So, I went through a whole process with people I worked with. I went from being single to meeting John, who I’d later married, getting married to him, and then leaving him four years later and coming out as a lesbian. And, in that timeframe, I got involved with politics – I was looking for something, and I didn’t know what I was looking for. I knew I was different, but I didn’t quite know what that was about, and I got involved in the local trades union, so then I went to Militant and SWP meetings. So, my learning and growing at that point was enormous, and it was very much a case of, I got involved in Greenpeace and CND and it was getting involved with the North Leeds Peace Group, I had a friend in the group who was a number of years older than me, Bron, who’s no longer around – a straight woman – she said, ‘would you like to go down to Greenham?’ And, and I’d never thought that was a possibility, I thought that was something for other people to do.
RL: Is this early ‘80s then? When is this?
LD: So, this was… between ’85 and ’86 and, so it was – Greenham had been going on a while, but I’d only come across the North Leeds Peace Group at that point, and WONT, Women Opposed to Nuclear Threat, I came across them, and, it was – there was a lot of activity, political activity in Leeds at that point. So, I went down to Greenham with Bron and, all of a sudden, I was meeting women who were just like me. And it was like, I always say it was like being hit over the head with a mallet and gaining clarity, that’s what I am, after all this time. But I’d been married – I was married, we had a mortgage, so how do you fit the two together?
I always remember saying to work, ‘I am going down to Greenham’, I wanted to be part, at the beginning or sometime in December, we had a, you cut the fencing down and you went in as a big group and – as a big demonstration – so I said that’s what I wanted to do, me and Bron had agreed it. And we wanted to not pay our fines, and then have it brought back up to Leeds, the court process, cos it was in, in Newbury, and then go to prison for a week. That’s what our plan was, so I got checked out at work, and they said cos it was for ethical reasons, as long as I didn’t do criminal damage, I could then use my holidays to go to prison [laughs] It’s, it’s quite ludicrous when you think about it, in’t it? [laughs] So, I checked it all out first, and then in the December – cos I was going on a monthly basis; I was going for a weekend every month. There was a busload of women that went down and I connected with those – well, the majority of them were all lesbians – and it was lovely to hear what they were saying and how they were being, and so I could, I had somewhere to talk and explore how I was feeling and what was going on for me. And that was so useful, I mean, some of the women are still around, some aren’t, unfortunately, but it’s, as you get older that’s what happens. And we move around the country.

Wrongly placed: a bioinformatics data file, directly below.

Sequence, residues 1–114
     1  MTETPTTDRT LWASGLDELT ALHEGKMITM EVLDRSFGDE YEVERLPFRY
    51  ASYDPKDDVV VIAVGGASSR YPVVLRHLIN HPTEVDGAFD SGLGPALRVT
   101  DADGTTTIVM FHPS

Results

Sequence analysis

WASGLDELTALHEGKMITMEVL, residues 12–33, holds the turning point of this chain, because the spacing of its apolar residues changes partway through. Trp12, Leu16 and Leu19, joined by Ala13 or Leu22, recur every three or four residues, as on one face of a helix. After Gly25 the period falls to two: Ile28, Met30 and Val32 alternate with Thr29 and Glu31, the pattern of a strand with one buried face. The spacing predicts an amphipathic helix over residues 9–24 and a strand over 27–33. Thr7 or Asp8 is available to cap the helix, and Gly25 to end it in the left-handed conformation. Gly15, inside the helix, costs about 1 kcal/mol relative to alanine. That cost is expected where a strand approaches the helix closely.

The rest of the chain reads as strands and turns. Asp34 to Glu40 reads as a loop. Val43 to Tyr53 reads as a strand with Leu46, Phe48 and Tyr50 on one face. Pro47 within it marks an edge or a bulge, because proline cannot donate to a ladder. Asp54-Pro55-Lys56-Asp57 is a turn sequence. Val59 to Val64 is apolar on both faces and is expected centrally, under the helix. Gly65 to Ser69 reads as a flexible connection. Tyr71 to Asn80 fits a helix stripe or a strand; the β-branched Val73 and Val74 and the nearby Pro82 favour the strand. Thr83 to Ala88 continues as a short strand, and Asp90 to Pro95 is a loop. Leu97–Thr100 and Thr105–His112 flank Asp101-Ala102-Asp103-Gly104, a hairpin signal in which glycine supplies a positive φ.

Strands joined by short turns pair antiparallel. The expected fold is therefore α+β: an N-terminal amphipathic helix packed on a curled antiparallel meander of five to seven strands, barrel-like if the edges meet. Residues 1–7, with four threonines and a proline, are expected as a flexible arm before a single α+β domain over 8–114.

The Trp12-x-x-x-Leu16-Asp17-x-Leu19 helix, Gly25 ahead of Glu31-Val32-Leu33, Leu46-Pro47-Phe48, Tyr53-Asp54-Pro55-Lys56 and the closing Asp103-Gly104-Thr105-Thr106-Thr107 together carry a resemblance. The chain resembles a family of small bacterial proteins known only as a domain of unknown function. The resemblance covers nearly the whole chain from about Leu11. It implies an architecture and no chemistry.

So, I got involved with the Nuclear Free Independent Pacific Group, so I campaigned outside the American embassy. So, this was all sort of ‘80s to late ‘80s. So, we went into Greenham Common, we cut the fencing down. I remember having a second-hand – cos it was December it was cold, and we were camping and so, I think we were at, we might’ve been at Blue Gate – Gate or Green Gate. I, there were different politics at different gates down at Greenham. And I, it’s interesting cos the food stuff – I became vegetarian in 1984, and I then, in later years, became vegan, and that – so when people talk about veganism now, I think, ‘oh I did it years ago’ [laughs] It’s really interesting, cos they think they’ve invent- reinvented the wheel don’t they? [laughs] in some respects. So, going down to Greenham was a real eye-opener because I was hearing things that I’d never heard before.
RL: Like what?
LD: About politics around the world. Things that were going on. Different people’s perspectives of women’s lives, which opened up a whole raft of thinking for me and gave me the opportunity to read a whole raft of different books and think differently. And because I’d been a working-class kid, I’d always been brought up with the beliefs that my mum and dad had and the family and that community had. And I never fitted with it. So, I could understand why I didn’t at that point. So, although I’d been to a girls’ school, feminism wasn’t part of it. It wasn’t discussed, it wasn’t talked about. So, I just felt there was a big missing. I didn’t particularly like school anyway.
RL: What were the books you started to read then?